YouTube Thumbnails in Affinity Publisher | Ben Nielsen | Skillshare

YouTube Thumbnails in Affinity Publisher

Ben Nielsen, Good design is the beginning of learning

YouTube Thumbnails in Affinity Publisher

Ben Nielsen, Good design is the beginning of learning

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11 Lessons (47m)
    • 1. Introduction

    • 2. Project

    • 3. Thumbnail Design Principles

    • 4. Sketching Thumbnails

    • 5. Creating the Document

    • 6. Make a Background

    • 7. Adding an Image

    • 8. Adding Text

    • 9. Iterating on the Design

    • 10. Exporting the Thumbnail

    • 11. Wrap Up and Next Steps

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About This Class

Have you ever wanted to make awesome YouTube thumbnails? Well you are in luck, Affinity Publisher is the best design program I have ever used, and in this course we are going to learn to harness its power to create awesome YouTube thumbnails. 

This course will cover:

  • Intro to thumbnail design principles
  • Sketching thumbnails
  • Creating a thumbnail document to the correct size
  • Making a background
  • Adding a photo and removing it from its background
  • Adding text
  • Exporting the thumbnail

For this class we will use Affinity Publisher, but we will use Affinity Designer and Affinity Photo features through StudioLink, so it is best if you own all three programs to access all the features we will show.

Meet Your Teacher

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Ben Nielsen

Good design is the beginning of learning


I am passionate about good design and good teaching. I believe that anyone can learn simple design principles and tools that can help them create content that is both beautiful and functional.


Background: I am a media designer and librarian. My masters degree is in instructional design with an emphasis on informal learning.


Motto: Good design is the beginning of learning.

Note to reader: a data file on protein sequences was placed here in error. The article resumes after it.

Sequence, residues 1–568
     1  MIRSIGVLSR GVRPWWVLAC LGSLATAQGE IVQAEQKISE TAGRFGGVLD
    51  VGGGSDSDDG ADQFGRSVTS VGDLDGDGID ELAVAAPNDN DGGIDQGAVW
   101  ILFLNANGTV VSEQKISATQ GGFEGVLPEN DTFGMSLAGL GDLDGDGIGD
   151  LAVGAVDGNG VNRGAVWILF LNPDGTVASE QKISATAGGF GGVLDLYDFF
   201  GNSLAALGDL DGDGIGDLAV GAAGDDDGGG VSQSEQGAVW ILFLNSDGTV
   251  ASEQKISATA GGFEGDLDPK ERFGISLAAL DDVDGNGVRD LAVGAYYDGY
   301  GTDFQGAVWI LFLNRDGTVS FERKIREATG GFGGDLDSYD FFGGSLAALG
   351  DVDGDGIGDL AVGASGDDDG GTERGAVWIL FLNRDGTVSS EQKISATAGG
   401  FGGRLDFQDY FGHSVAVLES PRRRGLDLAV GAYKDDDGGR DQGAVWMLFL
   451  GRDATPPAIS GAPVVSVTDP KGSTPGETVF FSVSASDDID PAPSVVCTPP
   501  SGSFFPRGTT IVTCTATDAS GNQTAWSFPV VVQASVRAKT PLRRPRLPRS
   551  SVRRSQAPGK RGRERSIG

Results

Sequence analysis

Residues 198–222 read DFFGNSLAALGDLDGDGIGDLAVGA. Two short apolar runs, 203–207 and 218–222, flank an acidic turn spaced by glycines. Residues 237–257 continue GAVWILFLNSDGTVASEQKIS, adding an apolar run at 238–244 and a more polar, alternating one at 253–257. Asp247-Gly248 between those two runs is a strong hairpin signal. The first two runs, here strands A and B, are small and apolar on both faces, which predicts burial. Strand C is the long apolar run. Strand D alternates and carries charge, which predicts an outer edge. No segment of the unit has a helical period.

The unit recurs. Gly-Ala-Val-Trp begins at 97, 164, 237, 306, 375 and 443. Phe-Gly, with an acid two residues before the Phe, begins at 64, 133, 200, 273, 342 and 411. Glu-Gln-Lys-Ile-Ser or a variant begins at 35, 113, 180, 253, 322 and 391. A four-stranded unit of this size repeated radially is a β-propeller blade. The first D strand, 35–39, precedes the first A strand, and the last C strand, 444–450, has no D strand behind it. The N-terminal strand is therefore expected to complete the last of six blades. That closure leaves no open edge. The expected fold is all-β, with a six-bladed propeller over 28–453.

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1. Introduction: Hi and welcome to this course on creating thumbnails using affinity publisher. My name is Ben Nielsen and I'm immediate design educator and I'll be your instructor for this course. It has been said that the thumbnail is the most important part of a YouTube video because if people don't click on your video, they will never see it. So it's important to get the thumbnail right. In this course, we're going to use a Finney publisher to make YouTube thumbnails that will stand out. One of the things that makes it feed publisher, the most powerful design two on the market right now is that it has the power through the studio linked feature of a feed designer and a funny photo as well. This really helps with thumbnails because you often need the features of a field photo and Affinity Designer NFP publisher altogether to make your thumbnails. And this stops you from having to hop between programs because of the studio linked feature. As we go through this course, we'll be learning about a lot of different aspects of building a thumbnail. We'll start out by learning some of the principles of thumbnail design. Those apply no matter what program you're using. Then we'll dive into a funny publisher and we'll learn how to create the document, how to add a background, text and images to your document in order to create a thumbnail that people will really want to click on, we will be using the features of a F01 designer, anything photo inside of affinity publisher. And so it is best if you own all three programs in order to be able to do everything that I'm going to do in this course. You will have to open up all three programs, but you do need them all in order to be able to access all the features that come to Studio Link. You don't need any prior knowledge to take this course, but I do have an introductory course on infinity publisher that you might want to take if you want to kind of dive into all of the basics of the feed publisher. Because in this course we'll really be zeroing in just on those features needed for thumbnails. So I hope you're ready to dive in and learn more about affinity publisher. We're going go ahead and get started. And in the next video we'll talk about the project for this course. 2. Project: The project for this course is to design a thumbnail for a YouTube video. This can be a video that you've already made, one that you're working on right now or just one that you hope to make in the future, you should fall along with each video in this course and complete the assignments as we go through. That will help you to really build all the skills you need for creating great YouTube thumbnails. Of course, with any design project, you should iterate many times on a thumbnail to get the final result that you want. When you're done, you should export it following the export instructions in this course and then upload it as a JPEG to the project section for this course. Of course, it should be the proper size for YouTube, which is a 16 by nine aspect ratio, which we'll talk about more later. It should also have a background and at photo of a person or a product and some type of text on it may be that a title or a question or something like that. We'll go through each of these steps throughout this course. So don't be concerned, you can totally do this and please do take the time to follow along because you will learn a lot more by doing than you will just by watching. So let's go ahead and get started. In the next video, we're going to talk about some of the principles for thumbnail design. 3. Thumbnail Design Principles: Let's talk about some of the principles for YouTube thumbnails design. Youtube thumbnails are an interesting area of design because they are technically a layout design. And you should follow the four core principles of design. Things like proximity, repetition, alignment, and contrast. But they don't necessarily get used in the same ways that you might think in your other designs. That's because YouTube is very much focused on getting people to click through. And so it's really the emotional, the extravagant that gets people to click on them more than the cleanliness or the clean edges of a really good design. And that's one of the most frustrating things for me as a designer working on Youtube is I kind of set aside some of my own design biases and try and work on what works on the platform in order to get people to actually see the videos so that they can get the help from the content that I'm making. Now this doesn't mean that you should go out and make outrageous claims. You shouldn't really be super click Beatty in your stuff, but you should in your titles being playing some type of value or mystery or something that would get people to click through on it. And that is basically created an emotional response with your audience to your thumbnail. For that reason, one of the best things you can do with a YouTube thumbnail is create one that conveys some kind of emotion that goes along with your title. So you want the text on your thumbnail if you choose to include texts. And you'd need to for this project just to make sure that you develop all the skills. You want to make sure that that text combines well with the title. Sometimes that can be the title itself, but often it will just be something that works together with the title, like a question that goes along with the title or just a portion of the title or some kind of exclamation, something that can really draw them in. The other thing that you want to consider is the emotion. So products are great. And in this course, we're going to showcase a product on a thumbnail because the video greeting is talking specifically about using an iPad. But emotional expression is also great in humans. So if you want to take a picture of yourself, you need it to be very expressive, right? So that's why you don't want to just grab a still from the video and make that your thumbnail because that's southern going to be as expressive as it could be. And so you really want that emotion to be conveyed through the text, through the picture, through the colors that you're using in your thumbnail. You really want it to be eye-catching. And so high contrast is important, like we talked about the principles still design, but really high contrast is often important in designing YouTube thumbnails. So I do a lot of thumbnails that are like black on white or white on black. So that, that contrast really pops out and stands out to people there on the YouTube platform. The other thing that you want consider with contrast is contrasts with other people's thumbnails. So if you're starting out looks exactly like other thumbnails there, then it won't really stand out from the other thumbnails on the page when people are searching for a video or they're looking at their homepage. So you want to think about that. Your contrast isn't just within your thumbnail, but also contrasting with the other things that if you are might be seen, repetition is another really important principle in design. And you want to keep repetition in mind as you're creating multiple thumbnails so that you have a cohesive brand across your thumbnails. When people see their video, they know that they belong to you because you are repeating the same elements over and over again. Maybe it's your face, maybe it's a logo, maybe it's some branding elements like a border, like we'll talk about later in the course. But you want that kind of that repetition going along. So these are just a few principles that you want to keep in mind. Again, just to summarize, makes sure that your thumbnail has a clear message that it follows good design principles, although not necessarily in the way that you're used to in other layout projects. Make sure that it conveys emotion so that people feel an emotional response to clicking on it. In the next video, we're gonna go ahead and get started by talking about sketching our thumbnails. 4. Sketching Thumbnails: Now that we know a little bit about the principles that we need to use in designing a YouTube thumbnail. It's time for us to start sketching out the thumbnail that we will want to design. And so I'm not inifinity publisher for this. I am actually on my iPad using the app called Paper. And the reason that I've been doing this on my iPad is just so that you can see it easily. I would normally do my sketching on real paper with a pencil just because that's a little bit easier and a little bit faster, but it's just a little bit easier if you can see here on my screen. So I'm gonna go ahead and do this when you are sketching thumbnails. You really just want to make a roughly rectangular box. And then you want to put in the main elements that you're going to want to see on there and Azure sketching, you are putting down different ideas. So the video that I want to make a thumbnail for is actually going to be one called Why iPad apps should not be free. And so we're going to think about this. And the first one that I want to sketch is going to be with a person should be Me. And what kind of emotion where I want to have on my face. Maybe anger. And then over here on the side, I'll put something like not free. And so it's not going to be the whole title, but it's going to go along with the title, draw people into my title and then I need some thing that could indicate what kinds of things I'm talking about. So maybe in the background, I could have program icons. Okay, next, I'm going to want to try one where I featured the iPad and then maybe surprise face. And it looks a little angry. And then on the iPad itself, put the not free. And then maybe a banner behind the head or above the head that says iPad apps. Anything to try to draw these people in. Let's try another one. Just a big iPad. And something that says app should not be free. Maybe just like dollar signs around the edge. So what you can see is these sketches are really rough. They are just concepts and ideas getting out there to see what we like, what we don't like, but they aren't meant to look perfect. In fact, they are meant to look quite rough. And so you just do a bunch of these trying out different ideas, switching things up a little bit as you go along. And it's just a lot easier to test out ideas in the sketching phase than it is to test them out in the actual designing phase when you are in affinity publisher, it's just takes a lot less time. It's quick, easy, and cheap to do this. Okay, so let's keep trying out some different ones. Puzzled emotion. Maybe. Now I have this idea of maybe a puzzled emotion. Maybe I'll change it to say, say should ask a question in it. Say should iPad apps be free? Maybe I can put a picture myself in the center. And then maybe some app icons along the bottom. So sketch out a bunch of different ideas for the thumbnail of the video that you want to make. And you can do that on paper with pencil. I think that that is really the easiest way to do it. There's really not a lot of barriers to just sketching things out. If you feel hesitant about sketching, don't worry, these are not meant to be seen by anybody. These are just meant to help you deal with your ideas. So just go ahead and sketch out a bunch of different ideas. Each time you're gonna make a thumbnail, you move into affinity publisher to actually make the thumbnails. In the next video, we're going to talk about setting up a document. 5. Creating the Document: Now that we have sketched our document, it's time for us to go into a funny publisher. And the first thing that we're going to do is actually make our new document. So we're going to come up to the File menu at the very top, choose file and choose nu. This is how you will always create a new document. So let's go ahead and set our document. We have some presets along the top. And of course we are going to be working for the web because we're creating a YouTube thumbnail. And the standard YouTube thumbnail size is actually this 1128720, and that is a 16 by nine ratio. You can actually do anything that's a 16 by nine ratio, but you don't really want to do anything that's less than 1280 by 720. And important point to remember about YouTube thumbnails is that they can appear in a variety of places at a variety of sizes, right? So depending on what device people are on, they can appear at very different sizes. The difference between a smart phone and a TV is of course quite large. And the difference between different versions, even on the desktop version of a browser, can be very different depending on if they are on the homepage where YouTube has recently been making thumbnails quite a bit larger, or if they're in. Next, on the right-hand side of a page, one of viewers watching a video or, you know, if they appear in a search result. So these can vary quite a bit. So you really don't want to go any smaller than 1280 by 720, but always you want that 16 by nine aspect ratio because that's what it will be shown in. So I actually like to go ahead and double that aspect ratio. And that's this one down here. And it's just the 25, 60 by 1440, which is also 16 by nine. It's just double. And that is just what I like to choose, just to make sure that I have plenty of resolution regardless of where it is shown, you can always adjust the settings on export if you need to lower the file size when you are exporting it, there's a two megabyte limit when you are uploading thumbnails to YouTube. Alright, there's just a couple of other things to point out while we're making the document. Over here, you see where it says document units. And this one is in pixels because it's for the web and that's where we want it to be. But if it was set to something else, you might want to just switch it to pixels. I think it's easier to deal with pixels when you're designing something for the web because it makes more sense than anything else, because it will actually be shown in pixels. Dpi of 72 is fine. This isn't going to be printed out ever and so you don't need to increase that. So a dpi of 72 for the web, perfectly fine. Alright, then the image placement policy, you can prefer embedded or prefer linked for a YouTube thumbnail because these are not huge, large documents like books or magazines, almost always will choose prefer embedded, just so the image is embedded in the document. And if I move that file around as I often do on hard drives, and it can make sure that any images I've placed stay with that document. If I were doing a large document, I would choose preferred linked just to keep the size of that document down. Thumbnails are very small documents, so we will stick with prefer embedded the number of pages. I normally we'll start with one. We will want to iterate quite a bit, but a lot of times we will want to actually copy our pages to iterate on them. So starting with one is fine. We don't need to worry about these other things. We don't need facing pages because this is not a book or a magazine, it's just one page. And our color format is already in RGB, which is what we want for the web. We don't need margins or bleed because these are not printing documents. And as long as you're in the 16 by nine aspect ratio, YouTube will show the entire size of your thumbnail. And so you don't have to worry about the margins because nothing's going to fall outside the margins. Alright, let's go ahead and click Create. Alright, and now our document has been made and that's really all we need to do to set up our document. We have our 16 by nine aspect ratio and we're ready to go. In the next video, we're going to go ahead and talk about making a background for this document. 6. Make a Background: Now let's talk about making a background for this document. Now, you might make the background first and you might decide later that you want to change it. But it's a good idea to start out just with a background, even if you decide to change it in later iterations, if you just want a white background, well, that's the default. So you can just stick with the white. And I do that quite a bit because y m black arc, the colors that are used a lot for high contrast. There are a lots of other times where I want to have a colored background or a gradient background. And that's what we're going to look at specifically in this video. The easiest way to do this is to go over to your Shape tool, which looks like a square for me, but for you it might look like whatever you selected last. If you don't have this square or the rectangle tool, just hold down on it and you'll get a list of all of these different shapes. The Rectangle Tool is what we want and you come out here and just target that top left hand corner. You see, as long as you're snapping is turned on, which is this magnet up here. You'll snap into place there. Then you can just click and drag out. Drag all the way down to the bottom right corner. Now you have a rectangle. You can see that in your Layers panel on the right, it says rectangle income over there, click on that and rename it. We're going to call it background. Depending on how complicated your document gets, it can be more or less important to name your layers, but it is good practice to have them names so that you can easily tell what's going on. Then all we have to do to add a color is come up into our swatches. And you can see that our fill is the whole circle and that's in front. That means we're going to be changing our fill. The stroke is in the back, that is the black line that looks like a doughnut. We don't want a stroke on here at all. So I just click the stroke to bring it forward. And then I click the little circle with a red line through it. That will make no stroke. We don't want a stroke on this unless we do in the future. We'll talk about that in a second. But let's go ahead. My colors are currently set to graze, but if we click here, there are a bunch of different palates and you can make your own palettes willing come here to colors. And we're just going to choose something so that we can see how this fills out. Let's choose something along the lines of like maybe a midtone purple and you can see that nothing happened. And the reason is because I'm still on my stroke. This is a really common mistake that people make. There'll be on the wrong thing and they won't understand why nothing is happening. So let's go ahead and hit Command Z to undo. Click on our fill to bring that forward. And then we'll click on our purple. And now we have this purple background and we can just set things on top of that. Let's go ahead and let's try something a little different. We're gonna go ahead and duplicate this page. So going over into the pages panel on the far left, we'll right-click and we'll just choose duplicate. I'm just doing that so I don't have to draw the square over and over again. I'm storing my first page. You can tell because it's highlighted, but I'm just going go ahead and double-click my second page. And that will pull me down here. And I'm going to grab my move tool, which is the black arrow top-left corner, and select this rectangle. Now the next thing they want to do is add a gradient to this. Gradients can sometimes add more dimension or they can give you the ability to place light and dark elements on the same page. Because you can have a gradient going from light to dark, so you can have contrast on both sides. Let's go ahead and this is actually down here. It's called the fill tool, and it looks like a color wheel with a line coming out of it. When we grab that, it will allow us to just fill, which basically means make a gradient. So we can choose the starting point of our gradient and then drag to the ending point of our gradient. Let's go ahead and go up to the top in the middle. And it's just going to snap right there in the middle. And I'm just going to click and drag down. And if I hold down shift, it will keep it in a straight line. If I don't hold down shift, I can put it at an angle. Let's go all the way down. And you can see that this gradient is running from a light purple to a dark purple. So the purpose that we started with and then a dark purple. But if we select one of these, so our bottom circle is selected, we can change that. Let's just say we wanted to go to like a mid-range green. And then we have kind of this range going from purple through integrating. Now we can adjust our midpoint right here on this little line. We can drag that up or down to just our midpoint and we can actually even add more colors into this. If we click in between the midpoint and another circle, we have a little plus. We can add another color. And as long as we're selected on that color, we can add something else to it. Say maybe we want a magenta and then we get another point that we can adjust. And these other lines that can adjust the midpoint between those. You don't want to go too crazy with this. So if you select one, you can just hit Delete on your keyboard to get rid of it. So there's a lot of different effects you can do. And depending on your design, you might want different angles. So you can actually grab these points and drag them into different places. If you want to lessen the effect, you can actually grab them and drag them outside the range of the document. And that will just allow you to lesson kind of saturation of that color there. So that's how we would go ahead and setup gradients on our background. Let's go ahead and grab our Move tool. Go back to our first page. And we're just going to duplicate this one more time. Now let's click on New Page to, to go there. And we're gonna go ahead and add in a stroke. So let's select our rectangle. Grab our stroke to the front. And let's go ahead and give this a complimentary color stroke of yellow. And then we can't actually see it really. We can zoom in holding down option, it's going to let you zoom. We can see this tiny strip of yellow, but that's not what we would want. Say. You wanted to use a border as your like branding. So you always want to use the same color border in your branding. This is how you would do it. You go to the stroke studio on the right. And then you can increase the wet just by dragging the slider and just going drag that up. And one thing that will happen is this stroke is actually going outside. We just can't see it because it's outside the bounds of our document. But we can change our alignment right here. We can set the stroke to the inside and then our entire stroke is going on the inside instead of just half of it. And we can see the whole thing. So we can drag that to make it as big as we want. If we wanna go beyond 100, we can just come in here and type in something like 150. And it will get bigger when necessarily want it that big. So you can really establish a brand using these kind of background options and creating the same things over and over again. So we've got our stroke that's the same and maybe the background colors the same. You can kind of repeat those to create your brand. And that's how you can create a background with a solid color ingredient or a barrier. In the next video, we're going to talk about adding images to your thumb. 7. Adding an Image: The next thing that we're going to do is add an image to our thumbnail. Images of products or people in your thumbnail can really help people to understand what the video is going to be about. And so it's important to include these. And so we're going to look at how we place a photograph here in a famed designer and then how we use the tools of Affinity Photo through studio link in order to manipulate that photograph. So let's go ahead and place it. If you remember, we talked about how we were going to do place embed. And so this will actually put the photo into the document. If we weren't embedding it, if we replacing as linked, it would actually leave the photo where it's on the computer and just reference it so that we could see it inside this document. Where do I place embed? So let's go up to our file menu. And we're just going to use place. My image is in my downloads. And it's just this photo of an iPad that I took on my iPhone. This is not a great photo. We just took a snapshot, but the idea is we can edit it and we just want to cut out the product or the person that we're trying to feature. We don't really need to worry about the background. So let's go ahead and we'll just click and drag this out and make it nice and big. And then we need the tools from Affinity Photo in order to cut this out. So we're going to come up here into our top bar, and you can see that there's the affinity publisher icon, the Affinity Designer icon, and the Affinity Photo icon. And these are the persona's and as long as you own the other program and have it installed on your computer, you can access the tools from designer and photo inside of affinity publisher. So let's go ahead and we're going to click on the photo one because we're dealing with a photo at this point and we need the tools involved with the photo persona in order to be able to mask out the background on this and just have the iPad with just that slightly. And then let's go ahead and grab our selection brush. I'm just gonna come in here and we're going to try to select the iPad. If you find that you're having trouble with this, you might be selected on the wrong layer. So right now we're on the image layer and we're able to select this. If we're on the wrong layer though, we wouldn't necessarily be able to, to erase part of a selection. We just hold down option on our keyboard and we just want to get rid of the part of the stool that it's sitting on there. And we do want to get the stand. So I'm going to zoom in a little click, click, clicking causes it to select. I don't want to miss anything in the middle here. So where I see those little marching ants in the middle, I'm just going click to make sure that that is fully selected. Okay, that is a pretty good selection. There might be having just a little bit of trouble with the casing around the top. Maybe right here. So to make my brush size smaller, I just hit the bracket key on my keyboard. I just want to get the exact outline of this iPad wherever the contrast is lowest, which is right here between the case and the door here. That's where it can get a little bit difficult for the selection brush to measure it. A useful thing to remember when you're doing this is. Isn't for like a big advertisement or something that will appear in a magazine. This is just for a YouTube thumbnail. And the size that it will appear out is going to be pretty small in most instances. And so if things are a little bit off, it really won't be noticeable. But now we have our selection and so what we wanna do is mask out the background, Right? So we've made the selection and the mask tool is actually the tool that looks like a square with a circle inside it over here by the Layers panel. If we click that, we're going to see is it masks out everything that was not selected. And so it all disappears. If we wanna see that mask, it's now this layer right below the image is a pretty good mask for us. If you want to de-select, you just hit command D. And then it is de-selected to move this image around. Then we can grab our Move tool, make sure were selected on the image layer. Then we can move it around. And we don't need the image to be that big because we masked out all those other parts. So we're just going to crop it using the crop tool, which looks like two squares joined together. On the left-hand side, we're just gonna crop down to only the part that we need, which is the iPad. And that will just make it a little bit more manageable to be moving it around. Since we are in the photo Persona, there's a lot of different things that we could do here as far as like applying layers and stuff like that. If we needed to adjust the brightness or the contrast of the image meeting like that, what I want to do is get rid of these fingerprint smudges on the iPad. So I'm going to zoom in options, scroll down to the Band-aid and that's the Healing Brush Tool. Also under the Healing Brush tour, the Patch Tool and the blemish removal tool. I think we're going to try the Healing Brush Tool first, but we might try some of the other ones in a second. We'll set our source first by holding down option, clicking where we want to pull from. And we're just going to come over here. It's going drag over. If you're getting something coming in, set the source Again. I think on some of these smaller ones, I'm going to try that blemish removal tool, which is just a single click. And that works pretty well to clean up the dust and the fingerprints and make that look a little bit better. So I think I'm happy with how that looks. Another thing that people often want to do is kind of add a border around the object or around the person that they're cutting out. So let's go ahead and learn how to do that. For that, we're actually going to use the designer persona. Jump over there. And we're just going to grab our pen tool. And let's make a new layer to put this object on ADA layer, we want to put that layer behind our iPad so that this stroke will work. And we're just going click through on the points of that and you can see it's using yellow because that's the last thing that we used. But we will be able to change that color to whatever we want. Although in this case we might want it to be yellow because it would match. Okay, once we close that because our setting on our stroke is to be on the inside. It's now going to the inside, but we can go ahead and switch that to the outside. And then we get this standout with the pen tool. We don't have to be super precise, but it kind of helps to make it the same shape as the object that we're dealing with. And that's how you could add a border to it out. One thing that you might wanna do is actually group those two layers together. Do you can click on your iPad and click on the layer below it, right-click and then choose grip. And then when you try to resize those layers where anything, you'll be able to use them together. For example, if I zoom out here, if I wanted to reposition this, move it around, I could do that. If I wanted to flip it with the tool up in the top right, I can do that. So I can put this here. There's a lot of different uses for somebody like this that can just help it to stand out from the background a little bit and draw people's attention to it and say, oh, this is about iPads. We can size it up. As we get bigger, you can see some of this fringing is showing up on the bottom there. So we might want to actually go clean up our mascot Little bit. If we're gonna make it that big, I'll just scale it down a little bit. I don't think that will be very noticeable. So that's what you can do with images. You come, you place them in there and then you can remove them from their backgrounds. You can make any adjustments to them that you need to. And you can add a border around the cut-out image to kinda make it pop off the screen there. And you can do that with people or products or different things that you want to make standout. You of course, could also add an image as a background. If you were looking for like a full background, maybe like a landscape or something like that for like a travel video. In the next video we're going to hop back into the publisher persona and we're going to start talking about adding text. 8. Adding Text: So now we are back here in the publisher persona and we're going to talk about adding text. Now, there are two tools for adding text. The first one is the frame text tool. The frame text tool lets you drag out a frame and then fill that frame with text. Let me just show you how that looks when you right-click and choose Insert filler text, you can see it fills it in with tiny little texts. You can select that text and you can use the font to adjust that text size. And it will be in this frame. And you can make the frame bigger to show more text. And if you make the frame smaller, it will hide texts. For what we want to do is actually use the other text tool. So we're gonna go ahead diverse selection tool, select it and then delete it. And we're going to choose the a, which is the Artistic Text tool. And some people know this as point text. And basically as big as you drag it out is how big your text is going to be. That's essentially setting your font size. So let me just type in iPad apps and then you, if you come in and you adjust that you'll actually always shrink your font size. So this is just much easier to work with when you have only a little bit of texts, not like a book or a magazine, just a little bit of text and then you can just drag it up and down. So I think I'm gonna change this to all caps because we want it to be very noticeable. And we'll go ahead and we change to my brand font. So fonts up in the top left. And the font my brand uses is quicksand. And I'm gonna change that to quicksand bold. Then we can change the color or font. This black box up here in the middle will actually let us change the color or choose our switches. And that's the same as if we went over to our swatches on the right to choose our fill factor, Grace. And she's white. When I look at my sketches really quick. And change this to say, Apps. Good. And here's the nice thing about plaintext is we can just scale that down. Then I'll duplicate it by holding option and dragging. I'll put not. And where I change my placement to be centered. So then I can easily grab my move tool and center this up. It's like those two together. And then under my alignment, I'll choose align center. Then I'll take this and I want to scale it up, but I want to scale it up around the center instead of from the top left corner. So I'm going to hold down command, scale it up from the center. And as I drag it down to give it a little bit of space, I'm going to hold shift to keep it in the same line. Duplicate this top text again, apps should not. Let's make that centered as well, that we don't lose our centering. And then we'll say app should not be free. Think I'm actually going to take just the B. I'm going to place it here. I'll take the NOT because I want free to be really big as well. We'll rewrite that free. Okay, and the last thing that we might want to do with text is maybe add a background to it. So it kind of stands out from the page. So let's do that with just our not word. So let's go ahead and we'll grab another shape tool. Will use the Rectangle tool. We're going to write a rectangle and you can see it's using our last settings which are a fill with a gradient and a stroke. And we don't want either of that. So let's go over to our swatches will get reverse stroke. And we don't want our filter to be like that. Maybe we'll use the yellow again. If we want to get the exact yellow we used before, we can actually grab the eyedropper tool and we can just click and drag over to get our yellow. Then we click the eye dropper swatch. And that'll fill it with yellow. And we can drag in our Layers panel to rectangle down below the word not like, not as well and change the placement just so those aren't overlapping. And I think since it's on yellow, we would want, actually want to change this text then to be black. So click it. And in the swatches, she's black. So then we have apps should not be free. You can make lots of different styling choices with the way that you do your texts. To try out a lot of different options to see what's going to be best to get your point across. Those are the basic tools that you need to be able to create your YouTube thumbnails. You need to be able to sketch the document, then create a document to work in, add a background, add pictures, be able to cut them out and add borders to them if you want. And then also you need to be able to, of course, add texts so that you can add a message explicitly onto the thumbnail if you want. And all of these can be mixed and matched, used and not used depending on what you're doing. And so in the next video, we're actually going to be talking about doing iterations. I should be using the stuff we have here to create the thumbnail that I would actually use in a video. 9. Iterating on the Design: All right, so now that we've kind of learned the tools, I'm actually gonna go ahead and make the thumbnail that I would use if I were going to put a video like this up on YouTube. And what you wanna do as with any design process is iterate on this. You don't want to just make one and then stop. You wanna do some iterations to get some different ideas out. And these might be different iterations based on your sketches or iterations based on ideas that you have as you're going along. The best way to do this is once you've got 12, I've got this page here page to you. I'm just going to duplicate that page. So I'll right-click choose duplicate, and then it can work on this one and I can still evaluate it against the other one that I already created up down here. The first thing that I want to do is go ahead and change out my rectangle colors, because I don't think that the purple and the yellow will go exactly with my branding. So let's go ahead and we'll try a couple of different things here. First, we're just going to switch the rectangle to white, and then we're going to switch the border to black. Now we need to select all of our text and change its color as well, because it won't stand out here. So let's choose black will change this rectangle to black and the texts there to white. Then we need to decide if we want to keep this border or not. I'm just going try turning it off with the checkmark on the right. Seeing how that stands out without the border. Kind of like the border standing out. But I don't think a black border will work too well. So let's duplicate it again. We just want to keep duplicating so that we can keep evaluating our image. So what I'm gonna do is actually reverse everything. Again. I will make my stroke white and my fill black. Select all my texts. You can select multiple by holding down command while you're selecting in your Layers panel. And we're going to change that to white. Select our rectangle, change its filter, white, select not, and change its fill to black. Then we can go ahead and on our stroke, we can change that stroke to white and get that to stand out. So here we have the reverse, we have one with color. I'm liking this one the best I think, but I'm not loving this rectangle behind the not I think we need to do something with that. And one thing that I like to do is just come up here to the middle handle and you can get these arrows going in two directions. And that will let you give a little slant to it, which can add a little bit of interest. Alright? And one other thing that I want to try to do, I'm just going to duplicate this one again. I'm going to try and add in some icons to this iPad screen. That would be some iPad apps. So we're just going to do what we did before. We're gonna go to File and place. All right, and then from here I'm going to select the icon that I think would be useful. So I'm going to select the affinity icons were feign, designer and infinity photo because they both have iPad apps. And then when you click open, now that I have my place images panel that opens up on the left because I have multiple, so I can choose which one I'm placing first, I'm going to place a thinning designer. Was going click and drag that out to a good size. And then I'm going to go up to its top left corner and click and drag out to exactly the same size, Affinity Photo one so that they are matching. So I could do that. I might want to skew them a little bit. So I'm just going to go up to the top and tried to rotate slightly to maybe make it look more like it's actually sitting on the iPad. It doesn't need to be exactly realistic. But, um, I wanted to look a little bit better. And then we zoom out to kind of see what it would look like. See which one of those might stand out to somebody who's looking through a YouTube feed. This one that I have kind of developed here, it is very dark, but the important parts of it are bright. They're standing out. So I think it would still do okay to stand out even though it is a pretty dark thumbnail. And the key here is you just keep iterating. You try out different things and you look at your sketches and maybe you go back and you sketch out a couple of different things to try out different ideas. But you just keep pushing on your design to see if you can make it better until it's time to go ahead and post your video and get the thumbnail up. You could in theory, keep designing forever and that's not what we're after, but what we are after is enough iterations to make sure that you worked out the best ideas about the design. And one of the nice things about YouTube is you can actually change the thumbnail later. So if you made one thumbnail and you decide that it's not working very well. Very few people are clicking on the video and you want to try out a different thumbnail later, you can, you could go and you can make a new iteration of the thumbnail. And you could upload it to YouTube and you could try that out and see if more people are clicking on it. And that's the basic of iterating on your thumbnail designs. In the next video, we're going to look at how we would export this for you. 10. Exporting the Thumbnail: Right, we've made our design and to the last thing that we need to do is export it. And this is what she'll do both before you upload it to YouTube, QB, the thumbnail and your video, and before you upload it to your class project. So let's go ahead and see how he would export will go up to our file menu. And we're going to choose Export. Affinity is giving me a preflight warning here. This is because I've been working in different personas and I have some parts of this document that are actually off of the cameras, but we don't need to worry about that because we know that everything on the canvas is what we want to export. So I'm just going go ignore and continue. Pre-flight warnings are really more for when you're dealing with large documents, with texts like books and magazines where it might be going off the document. So click ignoring, continue. And then you're gonna see here that we have a lot of different options for what we can upload. Youtube tends to like jpegs the best. So we're going to choose JPEG, which is this green one here. And you can see our size is what we set our size to 256K by 1440. And what we wanna do is look down at our estimated file size and see how big that is. You can see this is 4.52 megabytes, which is too big. But the reason it's so big is this area here is set to All Pages. So let's go ahead and click that and we'll just choose current page. Then you can see this jumps down to 760 kilobytes, which is well, well below two megabytes, it's fine to you export that size. We don't need to drop our quality at all. We can just keep a JPEG best quality and the quality at 100%. And then we can choose Export. Then just go ahead and name your file. And I normally will name mine something like the title of the video or the thumbnail app should not be free. And then title card, or you can call it thumbnail and early say title card. And then just click save. And that's all you have to do. You go ahead and you've made your thumbnail and please go ahead and ask you export it, upload that into their class project section for this course. Tell us a little bit about why you decided to make the thumbnail you did were elements you decided to choose and why. And I'm really looking forward to seeing all of your projects and what you're able to do here in affinity publisher. In the next video, we'll go ahead and wrap up the course. 11. Wrap Up and Next Steps: Thanks so much for watching this course on creating thumbnails using affinity publisher. I hope that you've learned a lot and that you feel confident in your ability to go forward making thumbnails. Of course, it's an iterative approach so your thumbnails will get better over time. I'm very excited to see what you've created. So please remember to upload your project into the project section for this course. Tell us a little bit about it so we can see what you've done. And I'm happy to provide feedback on them if you'd like, if you're interested in learning more about vanity publisher, other affinity programs or even design principles. I have a lot of courses here on skill share that can help you in your design journey. A great next step would be to take my intro course to affinity publisher, where we make a restaurant menu if you haven't taken that course already, another great step to learn more about studio link would be to take my course on poster design. Or if you'd like to learn more about layout, Kohonen take my course on business card design. There's also lots of courses on Affinity Designer and Affinity Photo, as well as designed basic principles if you need a refresher on those. Again, thanks so much for watching and I will see you in the next course.